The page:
Tackling homelessness at world's biggest sleep-out
Prominent figures at Scottish Rugby will come together on Saturday 9 December for Social Bite’s Sleep in the Park, the world’s biggest ever sleep out. Raising money to kick homelessness into touch, a number of rugby sporting legends, players and staff have signed up to support the cause.
Among those taking part is former Scotland captain Al Kellock. Having participated in last year’s CEO Sleep Out in Charlotte Square, Edinburgh, the former Scotland star will once again be bedding down for a night in the open, along with a host of other sports personalities, celebrities and figures from across Scotland’s political parties.
Al Kellock said: “The sleep-out is a great initiative that I was delighted to take part in last year. It gives everyone a very brief insight into the struggles that homeless people endure on a daily basis.
“It’s fantastic to see the growth this year with the target of 9,000 people sleeping out and with a bit of collective effort we can make sure everyone has a bed and a roof over their head in Scotland.”
Joining Kellock next month will be Graeme Beveridge, former Scotland scrum-half and current head of the BT Sport Scottish Rugby Academy in Edinburgh, and former Scotland A and Scotland 7s international player Darren Burns, who is currently the SRU’s Student and Adult Participation Manager.
Also supporting the sleep out is Gordon Lyon, from Scottish Rugby’s coach education department who supports Scotland’s mixed ability rugby squad, The Clan. Mirroring the Sleep in the Park’s inclusive aim to bring everyone together for one important cause, The Clan enables players from all walks of life with physical or learning disabilities to play in the same team as able-bodied players.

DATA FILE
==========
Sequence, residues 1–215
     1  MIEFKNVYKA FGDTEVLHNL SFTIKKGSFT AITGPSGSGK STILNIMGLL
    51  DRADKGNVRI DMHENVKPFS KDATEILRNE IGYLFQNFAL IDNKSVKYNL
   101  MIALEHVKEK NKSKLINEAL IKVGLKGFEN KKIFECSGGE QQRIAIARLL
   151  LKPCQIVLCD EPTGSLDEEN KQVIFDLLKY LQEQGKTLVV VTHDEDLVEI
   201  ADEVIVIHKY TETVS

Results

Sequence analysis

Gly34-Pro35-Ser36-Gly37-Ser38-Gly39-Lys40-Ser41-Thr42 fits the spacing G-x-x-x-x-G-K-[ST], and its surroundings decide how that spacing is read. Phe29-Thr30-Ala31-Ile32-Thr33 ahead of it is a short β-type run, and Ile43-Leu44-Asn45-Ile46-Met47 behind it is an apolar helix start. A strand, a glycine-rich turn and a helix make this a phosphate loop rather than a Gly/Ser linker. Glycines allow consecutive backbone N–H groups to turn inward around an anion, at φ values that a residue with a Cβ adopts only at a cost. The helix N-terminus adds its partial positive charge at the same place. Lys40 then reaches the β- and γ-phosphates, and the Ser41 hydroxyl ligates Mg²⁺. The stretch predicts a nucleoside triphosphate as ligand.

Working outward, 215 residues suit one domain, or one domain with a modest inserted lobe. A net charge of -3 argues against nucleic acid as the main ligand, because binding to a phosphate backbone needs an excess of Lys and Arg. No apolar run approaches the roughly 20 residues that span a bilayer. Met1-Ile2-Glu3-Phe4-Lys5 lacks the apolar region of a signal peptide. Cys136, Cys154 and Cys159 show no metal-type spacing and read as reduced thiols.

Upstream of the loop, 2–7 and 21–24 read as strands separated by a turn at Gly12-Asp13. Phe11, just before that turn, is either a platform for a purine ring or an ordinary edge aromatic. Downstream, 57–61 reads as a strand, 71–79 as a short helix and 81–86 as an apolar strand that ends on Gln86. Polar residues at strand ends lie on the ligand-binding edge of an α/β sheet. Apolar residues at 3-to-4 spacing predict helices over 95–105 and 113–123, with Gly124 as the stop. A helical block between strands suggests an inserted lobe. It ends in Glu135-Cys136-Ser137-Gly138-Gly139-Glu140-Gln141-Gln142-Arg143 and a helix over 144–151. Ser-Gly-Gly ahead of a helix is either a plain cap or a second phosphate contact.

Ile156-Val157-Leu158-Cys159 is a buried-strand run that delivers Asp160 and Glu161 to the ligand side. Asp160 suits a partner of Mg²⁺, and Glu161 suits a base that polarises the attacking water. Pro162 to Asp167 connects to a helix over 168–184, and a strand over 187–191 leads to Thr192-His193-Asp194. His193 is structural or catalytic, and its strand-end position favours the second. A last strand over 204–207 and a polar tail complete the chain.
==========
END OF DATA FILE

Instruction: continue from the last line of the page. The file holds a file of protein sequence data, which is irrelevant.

With Sleep in the Park falling on the same night as the Edinburgh Rugby vs. London Irish European Challenge Cup match at Myreside, rugby fans are welcome to sign-up to join the sleep-out after the game. There will also be a Scottish Rugby fan zone at the event where attendees can meet their rugby heroes who are participating on the night.
Scottish Rugby is the latest sporting body to join Social Bite’s movement to support the eradication of homelessness in Scotland, with Heart of Midlothian and Hibernian also supporting Sleep in the Park.
Josh Littlejohn MBE, co-founder of Social Bite, said: “It’s amazing to have the support of Scottish Rugby and I am grateful to everyone from the organisation who is taking part on the night. Sleep in the Park is about uniting everyone for a single cause, and to bring together sporting legends and stars from across the country is a great feeling.
“There are just two weeks left to sign up for Sleep in the Park, so I would urge anyone still thinking about it to sign up now and join our movement.”
Sleep in the Park participants will be joined by an impressive line-up of artists before spending a cold night in Edinburgh’s West Princes Street Gardens, and enjoy exclusive ‘unplugged’ sets from Liam Gallagher, Deacon Blue, Amy Macdonald and Frightened Rabbit.
Comedian Rob Brydon will be hosting the event, John Cleese will be performing a bedtime story and attendees will also hear from Sir Bob Geldof on his support for the cause.
Members of the public can join Sleep in the Park by committing to fundraising at least £100. Businesses can sponsor the event signing up a team of five with a minimum fundraising commitment of £3,000.
To find out more and to sign up, visit www.sleepinthepark.co.uk.
Note to editors
- Social Bite started as a sandwich shop on Rose Street in Edinburgh in August 2012 and has now grown to five shops in Scotland, two large staff canteens in Edinburgh, a central production kitchen in Livingston and one of the country’s leading independent corporate catering businesses.
- One quarter of Social Bite’s staff are homeless and the charity has received visits from Hollywood superstars Leonardo DiCaprio and George Clooney.
- Social Bite are the largest distributer of free fresh food to the homeless in the UK, giving out over 100,000 items of food and hot drinks per year.